Paul Willis, the longtime Fort Worth restaurateur who founded Fuzzy's Taco Shop and
was involved in a number of other North Texas restaurants, was found dead at his home
Wednesday night. He was 48.

The cause of death had not been posted by Thursday night, but his family said he had
diabetes and had quadruple bypass surgery two years ago.

Mr. Willis was a force in the Tarrant County restaurant industry, having helped design
H3Ranch, Cabo and Lucile's, as well as founding Fuzzy's and Yucatan Taco Stand.

Born Jan. 14, 1966, Mr. Willis grew up in the Netherlands where his father was
in the aircraft repair business. According to a 2001 Star-Telegram profile, after
Mr. Willis graduated from L.D. Bell High School in Hurst in 1984, he went to work
as a hotel chef in Florida, then moved on to Will Rogers Downs in Oklahoma before
returning to Fort Worth, where he worked at the River House, a popular seafood
spot on University Drive in the '80s.

He enrolled at the Culinary Institute of America in Hyde Park, N.Y., but ran out o
f money two months short of graduation and returned to DFW, working at the Hyatt
Regency in Dallas. Soon he returned to Fort Worth, working with the outfit that o
wned the River House, Lucile's, Cabo and H3Ranch.

Later, he and M&M Steakhouse owner Keith Kidwell bought Margie's Italian Gardens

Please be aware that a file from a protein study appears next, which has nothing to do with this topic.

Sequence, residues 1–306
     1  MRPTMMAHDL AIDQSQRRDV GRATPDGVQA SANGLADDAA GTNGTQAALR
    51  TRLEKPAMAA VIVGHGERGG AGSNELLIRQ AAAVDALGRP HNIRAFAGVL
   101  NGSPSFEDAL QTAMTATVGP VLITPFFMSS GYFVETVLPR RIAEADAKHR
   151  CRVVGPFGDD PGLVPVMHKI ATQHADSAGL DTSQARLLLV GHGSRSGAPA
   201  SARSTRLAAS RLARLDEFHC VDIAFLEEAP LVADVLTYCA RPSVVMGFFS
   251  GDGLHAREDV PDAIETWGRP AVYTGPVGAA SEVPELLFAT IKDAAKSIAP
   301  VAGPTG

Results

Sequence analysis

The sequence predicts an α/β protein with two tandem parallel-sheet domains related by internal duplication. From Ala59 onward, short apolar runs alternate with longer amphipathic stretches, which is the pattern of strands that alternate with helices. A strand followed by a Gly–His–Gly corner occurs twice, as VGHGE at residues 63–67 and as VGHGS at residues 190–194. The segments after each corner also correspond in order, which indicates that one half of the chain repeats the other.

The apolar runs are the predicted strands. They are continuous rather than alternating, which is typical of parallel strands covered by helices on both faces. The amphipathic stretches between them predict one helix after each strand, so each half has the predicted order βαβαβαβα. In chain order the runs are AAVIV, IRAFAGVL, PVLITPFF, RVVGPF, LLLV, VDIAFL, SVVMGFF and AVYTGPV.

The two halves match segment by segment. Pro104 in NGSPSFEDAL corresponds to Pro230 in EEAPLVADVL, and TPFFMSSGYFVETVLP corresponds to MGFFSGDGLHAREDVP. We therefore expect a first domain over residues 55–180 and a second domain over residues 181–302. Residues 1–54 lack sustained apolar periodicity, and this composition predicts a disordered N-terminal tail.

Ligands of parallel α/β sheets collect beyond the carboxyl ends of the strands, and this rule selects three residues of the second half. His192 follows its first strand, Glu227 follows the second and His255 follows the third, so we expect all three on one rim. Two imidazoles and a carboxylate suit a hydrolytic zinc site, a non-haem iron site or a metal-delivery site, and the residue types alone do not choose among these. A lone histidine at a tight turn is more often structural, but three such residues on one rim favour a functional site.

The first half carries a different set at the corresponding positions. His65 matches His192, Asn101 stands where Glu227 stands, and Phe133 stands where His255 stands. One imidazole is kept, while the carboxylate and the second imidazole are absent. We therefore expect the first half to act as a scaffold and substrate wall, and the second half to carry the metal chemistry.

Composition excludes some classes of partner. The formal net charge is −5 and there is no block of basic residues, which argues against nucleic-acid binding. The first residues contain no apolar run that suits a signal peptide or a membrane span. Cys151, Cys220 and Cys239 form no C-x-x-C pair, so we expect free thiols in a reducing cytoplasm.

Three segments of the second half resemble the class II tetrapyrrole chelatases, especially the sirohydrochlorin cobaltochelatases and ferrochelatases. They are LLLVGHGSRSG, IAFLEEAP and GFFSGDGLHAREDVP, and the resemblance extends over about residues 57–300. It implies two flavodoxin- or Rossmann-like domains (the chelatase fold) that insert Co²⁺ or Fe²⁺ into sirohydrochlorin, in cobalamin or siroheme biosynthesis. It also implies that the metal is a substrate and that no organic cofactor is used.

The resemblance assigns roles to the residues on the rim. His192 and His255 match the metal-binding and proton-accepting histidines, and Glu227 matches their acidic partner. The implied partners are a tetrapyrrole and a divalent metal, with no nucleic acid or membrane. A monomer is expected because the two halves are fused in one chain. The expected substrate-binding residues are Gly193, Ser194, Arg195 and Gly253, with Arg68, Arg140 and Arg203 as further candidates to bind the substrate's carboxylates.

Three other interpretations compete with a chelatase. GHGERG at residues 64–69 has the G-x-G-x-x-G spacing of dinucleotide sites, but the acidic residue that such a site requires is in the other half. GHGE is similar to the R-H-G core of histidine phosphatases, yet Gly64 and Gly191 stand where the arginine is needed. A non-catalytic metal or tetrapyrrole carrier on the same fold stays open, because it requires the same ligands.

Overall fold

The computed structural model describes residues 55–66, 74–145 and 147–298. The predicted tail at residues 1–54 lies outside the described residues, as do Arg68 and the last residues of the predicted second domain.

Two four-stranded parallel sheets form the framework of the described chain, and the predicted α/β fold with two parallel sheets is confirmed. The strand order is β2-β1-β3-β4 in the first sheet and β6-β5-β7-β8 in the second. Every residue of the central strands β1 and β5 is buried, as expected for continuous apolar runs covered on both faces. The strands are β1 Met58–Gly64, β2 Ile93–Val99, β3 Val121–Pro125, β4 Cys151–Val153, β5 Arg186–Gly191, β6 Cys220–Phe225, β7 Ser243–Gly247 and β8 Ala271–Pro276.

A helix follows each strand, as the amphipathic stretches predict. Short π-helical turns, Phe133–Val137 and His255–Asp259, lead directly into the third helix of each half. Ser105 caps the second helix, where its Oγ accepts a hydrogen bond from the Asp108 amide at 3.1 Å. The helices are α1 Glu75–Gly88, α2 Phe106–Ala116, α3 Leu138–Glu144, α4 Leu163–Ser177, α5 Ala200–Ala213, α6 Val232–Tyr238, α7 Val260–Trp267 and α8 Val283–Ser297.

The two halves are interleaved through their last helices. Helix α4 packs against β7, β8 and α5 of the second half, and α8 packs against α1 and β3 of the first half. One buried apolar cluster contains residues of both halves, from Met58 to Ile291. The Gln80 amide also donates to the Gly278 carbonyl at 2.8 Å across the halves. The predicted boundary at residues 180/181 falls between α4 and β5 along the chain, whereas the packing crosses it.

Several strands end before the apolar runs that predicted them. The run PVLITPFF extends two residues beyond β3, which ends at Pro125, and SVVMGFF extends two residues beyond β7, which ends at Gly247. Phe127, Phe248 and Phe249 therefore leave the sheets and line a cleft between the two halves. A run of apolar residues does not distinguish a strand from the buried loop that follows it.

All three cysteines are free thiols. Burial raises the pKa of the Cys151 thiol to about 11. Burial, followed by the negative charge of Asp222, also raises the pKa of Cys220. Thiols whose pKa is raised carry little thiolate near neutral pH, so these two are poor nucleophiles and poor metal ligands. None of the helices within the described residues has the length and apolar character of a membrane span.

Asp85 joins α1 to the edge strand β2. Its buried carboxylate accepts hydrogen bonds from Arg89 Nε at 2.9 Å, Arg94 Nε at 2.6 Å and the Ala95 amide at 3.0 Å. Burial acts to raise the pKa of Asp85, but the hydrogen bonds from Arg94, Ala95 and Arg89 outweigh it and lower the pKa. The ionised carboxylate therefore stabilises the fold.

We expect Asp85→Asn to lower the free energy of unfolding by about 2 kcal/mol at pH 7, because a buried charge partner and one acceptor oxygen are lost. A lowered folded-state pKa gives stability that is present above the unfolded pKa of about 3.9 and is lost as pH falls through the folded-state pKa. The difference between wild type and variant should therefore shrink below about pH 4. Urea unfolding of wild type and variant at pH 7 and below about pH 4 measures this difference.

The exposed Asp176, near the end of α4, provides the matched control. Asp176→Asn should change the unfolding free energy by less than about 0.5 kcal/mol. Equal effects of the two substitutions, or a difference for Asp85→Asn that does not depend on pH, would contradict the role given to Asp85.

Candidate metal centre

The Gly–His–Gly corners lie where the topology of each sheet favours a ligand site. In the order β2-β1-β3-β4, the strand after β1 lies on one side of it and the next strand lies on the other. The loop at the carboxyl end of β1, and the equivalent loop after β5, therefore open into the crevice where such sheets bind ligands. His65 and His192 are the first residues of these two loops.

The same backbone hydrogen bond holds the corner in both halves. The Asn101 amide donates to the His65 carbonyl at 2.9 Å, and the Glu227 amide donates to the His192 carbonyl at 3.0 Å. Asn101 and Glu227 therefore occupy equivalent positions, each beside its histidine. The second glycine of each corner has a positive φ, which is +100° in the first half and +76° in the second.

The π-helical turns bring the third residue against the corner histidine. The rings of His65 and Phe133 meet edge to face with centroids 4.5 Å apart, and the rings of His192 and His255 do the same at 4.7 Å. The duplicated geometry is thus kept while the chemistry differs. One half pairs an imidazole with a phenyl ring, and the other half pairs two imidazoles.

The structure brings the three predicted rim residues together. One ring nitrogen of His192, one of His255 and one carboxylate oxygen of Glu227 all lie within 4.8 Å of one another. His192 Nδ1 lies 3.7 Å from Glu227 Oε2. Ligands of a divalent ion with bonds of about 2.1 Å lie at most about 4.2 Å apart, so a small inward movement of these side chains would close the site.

in far west Fort Worth, where Mr. Willis upgraded the menu, according to the
Star-Telegram profile.

In 2001, sensing a need in the TCU-area college market, he opened the original
Fuzzy's Taco Shop on West Berry Street near South University Drive. Soon after,
he opened Pedro's Trailer Park on White Settlement Road, in the space that later
housed Lambert's and is about to be home to Clay Pigeon.

Although Pedro's closed in 2004, Fuzzy's has thrived since father-and-son team
Alan and Chuck Bush bought out the original location in 2003. Chuck Bush loved
Willis' concept, which has since developed into a franchise, beginning with a
second Fuzzy's in 2007 on Race Street in the Riverside area of Fort Worth.

The company has grown to nearly 80 locations, many of them in Texas but some as
far as Wisconsin and South Carolina.

Mr. Willis kept going, founding Yucatan Taco Stand on West Magnolia Avenue in
2008; Buffalo Gap Steakhouse and Cantina in Granbury in 2010; Buffalo Cantina
Mexican Kitchen & Tequileria on Texas 360 between Arlington and Euless in 2011
(a second location opened in Southlake in 2012). Often Mr. Willis would design
the concept and/or the menu, then leave the restaurant in the hands of others
and move on to his next project.

He also worked for a year as personal chef for country singer Toby Keith.

His latest project, developed with owners Paul McKinney and Justin McWilliams,
was Buffalo West on Camp Bowie Boulevard in far west Fort Worth.

"He was just extremely creative, and probably worked harder than most people,"
said McWilliams, who also worked with Mr. Willis on Yucatan Taco Stand. "He was
one of the most talented people I'd ever worked with."

Funeral arrangements were incomplete Thursday . Published in Star-Telegram on Dec. 13, 2013